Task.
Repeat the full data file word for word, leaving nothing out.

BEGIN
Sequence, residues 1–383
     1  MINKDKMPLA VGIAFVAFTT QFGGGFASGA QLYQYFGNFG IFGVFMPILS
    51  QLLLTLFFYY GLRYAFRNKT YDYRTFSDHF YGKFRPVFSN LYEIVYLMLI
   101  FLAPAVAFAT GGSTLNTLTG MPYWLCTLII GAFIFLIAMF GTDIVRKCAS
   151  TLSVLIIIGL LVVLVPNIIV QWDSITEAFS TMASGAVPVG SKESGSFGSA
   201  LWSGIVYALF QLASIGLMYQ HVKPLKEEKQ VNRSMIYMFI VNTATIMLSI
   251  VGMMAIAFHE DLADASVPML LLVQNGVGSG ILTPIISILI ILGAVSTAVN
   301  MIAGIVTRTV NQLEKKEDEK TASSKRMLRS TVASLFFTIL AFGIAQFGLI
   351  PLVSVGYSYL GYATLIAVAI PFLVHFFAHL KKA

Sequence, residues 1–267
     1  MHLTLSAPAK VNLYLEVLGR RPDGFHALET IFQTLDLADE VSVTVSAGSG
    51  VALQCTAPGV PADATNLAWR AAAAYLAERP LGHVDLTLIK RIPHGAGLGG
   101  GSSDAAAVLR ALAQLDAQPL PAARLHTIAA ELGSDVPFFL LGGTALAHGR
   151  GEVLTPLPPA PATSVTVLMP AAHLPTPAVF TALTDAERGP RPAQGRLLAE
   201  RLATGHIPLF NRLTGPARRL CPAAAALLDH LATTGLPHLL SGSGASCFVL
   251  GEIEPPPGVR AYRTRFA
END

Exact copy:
Sequence, residues 1–383
     1  MINKDKMPLA VGIAFVAFTT QFGGGFASGA QLYQYFGNFG IFGVFMPILS
    51  QLLLTLFFYY GLRYAFRNKT YDYRTFSDHF YGKFRPVFSN LYEIVYLMLI
   101  FLAPAVAFAT GGSTLNTLTG MPYWLCTLII GAFIFLIAMF GTDIVRKCAS
   151  TLSVLIIIGL LVVLVPNIIV QWDSITEAFS TMASGAVPVG SKESGSFGSA
   201  LWSGIVYALF QLASIGLMYQ HVKPLKEEKQ VNRSMIYMFI VNTATIMLSI
   251  VGMMAIAFHE DLADASVPML LLVQNGVGSG ILTPIISILI ILGAVSTAVN
   301  MIAGIVTRTV NQLEKKEDEK TASSKRMLRS TVASLFFTIL AFGIAQFGLI
   351  PLVSVGYSYL GYATLIAVAI PFLVHFFAHL KKA

Sequence, residues 1–267
     1  MHLTLSAPAK VNLYLEVLGR RPDGFHALET IFQTLDLADE VSVTVSAGSG
    51  VALQCTAPGV PADATNLAWR AAAAYLAERP LGHVDLTLIK RIPHGAGLGG
   101  GSSDAAAVLR ALAQLDAQPL PAARLHTIAA ELGSDVPFFL LGGTALAHGR
   151  GEVLTPLPPA PATSVTVLMP AAHLPTPAVF TALTDAERGP RPAQGRLLAE
   201  RLATGHIPLF NRLTGPARRL CPAAAALLDH LATTGLPHLL SGSGASCFVL
   251  GEIEPPPGVR AYRTRFA